HELENA — Solar-power consumers and advocates lined up Thursday before the Public Service Commission to denounce NorthWestern Energy’s proposed rate change for owners of new rooftop solar-power systems in Montana.
They said the proposed “demand charge” and rate change are not justified and would make these systems much more expensive to operate in Montana, undercutting the businesses that install them.
“I couldn’t think of a better way to kill this industry,” said Bradley Layton, an engineer who analyzes rooftop solar systems. “That almost seems like that’s what it’s designed to do. … If you approve this, you will decimate numerous small (businesses).”
NorthWestern’s proposal for net-metered, rooftop solar systems is part of its general electric rate case, which is in the midst of a two-week hearing before the PSC.
The company initially asked for a $35 million-a-year increase in electric rates for its 374,000 Montana customers — a 7.4 percent increase.
But at the beginning of the hearing last week, NorthWestern and several parties in the case, including the Montana Consumer Counsel and large industrial customers, offered a settlement that would increase rates only $6.5 million a year, or 1.23 percent.
Under the proposed settlement, which the PSC will consider, residential consumers would see their electric rates go up about 70 cents per month, the company said.
The case is NorthWestern’s first electric rate case in almost 10 years.
Yet while the overall revenue for the company appears to be settled, the issue of the new rate for net-metered, solar-power systems is not.
Customers with a net-metered rooftop solar-power system use the power they generate and get a credit for any excess power, which flows back onto NorthWestern’s system. Right now, they get credit at the same retail price they would pay for power they get from NorthWestern.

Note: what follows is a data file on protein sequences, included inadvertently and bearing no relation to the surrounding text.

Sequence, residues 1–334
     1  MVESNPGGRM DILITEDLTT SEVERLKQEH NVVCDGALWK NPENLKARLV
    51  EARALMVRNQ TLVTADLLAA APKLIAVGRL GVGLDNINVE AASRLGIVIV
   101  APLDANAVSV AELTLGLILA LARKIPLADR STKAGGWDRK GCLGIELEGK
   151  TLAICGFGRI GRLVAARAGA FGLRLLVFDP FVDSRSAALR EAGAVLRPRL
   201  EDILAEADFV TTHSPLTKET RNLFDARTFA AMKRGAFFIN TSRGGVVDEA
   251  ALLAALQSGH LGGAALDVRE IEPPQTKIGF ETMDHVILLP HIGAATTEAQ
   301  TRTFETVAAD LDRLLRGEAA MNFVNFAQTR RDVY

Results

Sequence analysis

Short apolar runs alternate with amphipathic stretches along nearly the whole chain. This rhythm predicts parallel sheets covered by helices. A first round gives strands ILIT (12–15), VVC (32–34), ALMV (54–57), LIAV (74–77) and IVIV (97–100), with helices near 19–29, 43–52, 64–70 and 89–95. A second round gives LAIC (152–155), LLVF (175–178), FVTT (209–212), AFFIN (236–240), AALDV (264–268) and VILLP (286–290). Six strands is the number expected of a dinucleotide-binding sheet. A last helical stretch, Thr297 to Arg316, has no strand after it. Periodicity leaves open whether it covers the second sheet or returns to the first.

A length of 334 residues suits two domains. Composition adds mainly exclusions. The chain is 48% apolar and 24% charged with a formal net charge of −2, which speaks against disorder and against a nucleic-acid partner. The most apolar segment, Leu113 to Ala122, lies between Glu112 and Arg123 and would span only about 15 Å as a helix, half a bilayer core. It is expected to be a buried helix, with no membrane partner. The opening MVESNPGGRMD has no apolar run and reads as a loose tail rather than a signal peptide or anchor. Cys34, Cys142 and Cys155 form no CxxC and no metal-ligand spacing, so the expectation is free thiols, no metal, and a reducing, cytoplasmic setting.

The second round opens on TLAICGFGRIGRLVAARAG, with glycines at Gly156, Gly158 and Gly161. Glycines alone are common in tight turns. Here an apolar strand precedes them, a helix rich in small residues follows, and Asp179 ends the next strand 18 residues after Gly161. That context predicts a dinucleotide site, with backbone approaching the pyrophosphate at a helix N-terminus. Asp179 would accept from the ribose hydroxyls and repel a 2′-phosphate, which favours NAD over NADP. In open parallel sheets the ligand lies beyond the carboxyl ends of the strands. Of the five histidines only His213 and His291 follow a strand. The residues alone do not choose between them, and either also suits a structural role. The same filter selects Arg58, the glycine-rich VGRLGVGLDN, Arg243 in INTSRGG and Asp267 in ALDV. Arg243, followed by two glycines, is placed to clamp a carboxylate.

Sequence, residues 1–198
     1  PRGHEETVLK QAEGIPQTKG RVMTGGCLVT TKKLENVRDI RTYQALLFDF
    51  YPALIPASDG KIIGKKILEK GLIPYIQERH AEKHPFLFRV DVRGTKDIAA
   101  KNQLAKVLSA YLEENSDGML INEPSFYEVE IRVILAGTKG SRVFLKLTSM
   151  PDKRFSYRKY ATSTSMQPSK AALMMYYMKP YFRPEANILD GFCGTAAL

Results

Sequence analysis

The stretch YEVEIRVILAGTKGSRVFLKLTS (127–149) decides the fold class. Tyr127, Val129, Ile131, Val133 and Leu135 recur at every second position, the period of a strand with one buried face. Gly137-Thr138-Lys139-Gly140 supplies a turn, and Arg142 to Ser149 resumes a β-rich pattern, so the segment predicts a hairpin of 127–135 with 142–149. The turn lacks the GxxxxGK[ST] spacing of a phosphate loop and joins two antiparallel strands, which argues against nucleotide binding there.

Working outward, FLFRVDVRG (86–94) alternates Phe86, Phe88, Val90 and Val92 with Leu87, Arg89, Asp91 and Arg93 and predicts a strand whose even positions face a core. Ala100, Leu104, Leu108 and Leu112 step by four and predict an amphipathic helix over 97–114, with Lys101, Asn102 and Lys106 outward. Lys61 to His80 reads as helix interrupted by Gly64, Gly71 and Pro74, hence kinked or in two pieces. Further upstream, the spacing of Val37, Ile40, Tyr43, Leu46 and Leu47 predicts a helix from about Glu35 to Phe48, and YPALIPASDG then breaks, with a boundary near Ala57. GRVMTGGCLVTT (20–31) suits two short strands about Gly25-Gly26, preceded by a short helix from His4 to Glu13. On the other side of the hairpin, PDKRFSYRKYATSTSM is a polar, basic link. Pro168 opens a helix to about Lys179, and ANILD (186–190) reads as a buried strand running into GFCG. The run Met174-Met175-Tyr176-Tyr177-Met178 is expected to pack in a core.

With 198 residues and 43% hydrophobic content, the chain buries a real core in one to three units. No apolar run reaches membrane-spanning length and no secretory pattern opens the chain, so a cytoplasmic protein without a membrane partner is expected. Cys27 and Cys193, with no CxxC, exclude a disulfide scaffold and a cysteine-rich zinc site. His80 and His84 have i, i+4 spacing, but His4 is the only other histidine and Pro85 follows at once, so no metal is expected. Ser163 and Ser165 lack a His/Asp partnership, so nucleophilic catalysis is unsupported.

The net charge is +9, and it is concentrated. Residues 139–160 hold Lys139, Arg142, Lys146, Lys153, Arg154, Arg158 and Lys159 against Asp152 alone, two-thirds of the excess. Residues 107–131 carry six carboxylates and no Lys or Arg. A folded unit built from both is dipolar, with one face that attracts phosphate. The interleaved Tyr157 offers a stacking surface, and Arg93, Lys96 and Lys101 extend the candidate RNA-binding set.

NorthWestern is proposing to reduce the amount it pays and charges for that power by 40 percent, and to impose a “demand charge,” which is one-time charge based on customers’ peak power consumption. Solar-power advocates have said that charge could be anywhere from $50 to $75 a month.
The company says this new rate would accurately charge rooftop solar systems for the costs they impose on the overall system, instead of having other customers without solar-power systems essentially subsidize that cost.
The new rate would apply only to newly installed systems. Current systems would continue under the old rate.
Yet solar-power customers Thursday said this “grandfathering” of old systems appeared designed to mute criticism of the change — and that they would not be silenced.
“This new rate class and demand charge for solar-power customers are just fancy terms for punishment and unfair treatment,” said Joel Harris of Helena. “Montanans should have the freedom to continue developing renewable energy and not be singled out.”
Rick Lamplugh of Gardiner, who has a solar-power system on his home, said he doesn’t believe NorthWestern’s claim that these systems are hurting other customers or the company.
“Less than 1 percent of NorthWestern’s customers have solar,” he said. “Yet the company would have you believe that these customers are harming NorthWestern Energy’s financial health. That harm doesn’t show up in the company’s 2018 annual financial report.”
David Bender, an attorney representing Vote Solar, told the PSC on Wednesday that customers have a right to determine how to reduce their consumption, whether it’s by turning off the lights or expensive appliances or installing a net-metered solar system.
“Customers who reduce their electricity consumption cannot be treated differently, depending on whether those deductions come from self-generation, or the many other reasons people control their consumption,” he said.
Layton and others who testified said with the new demand charge, solar-power systems, which have become more and more affordable, would never be able to offset the cost of their installation.
“It’s exactly designed to kill small solar businesses,” said Matt Treaster of Butte. “And some of these businesses have been operating in Montana for 25 years.”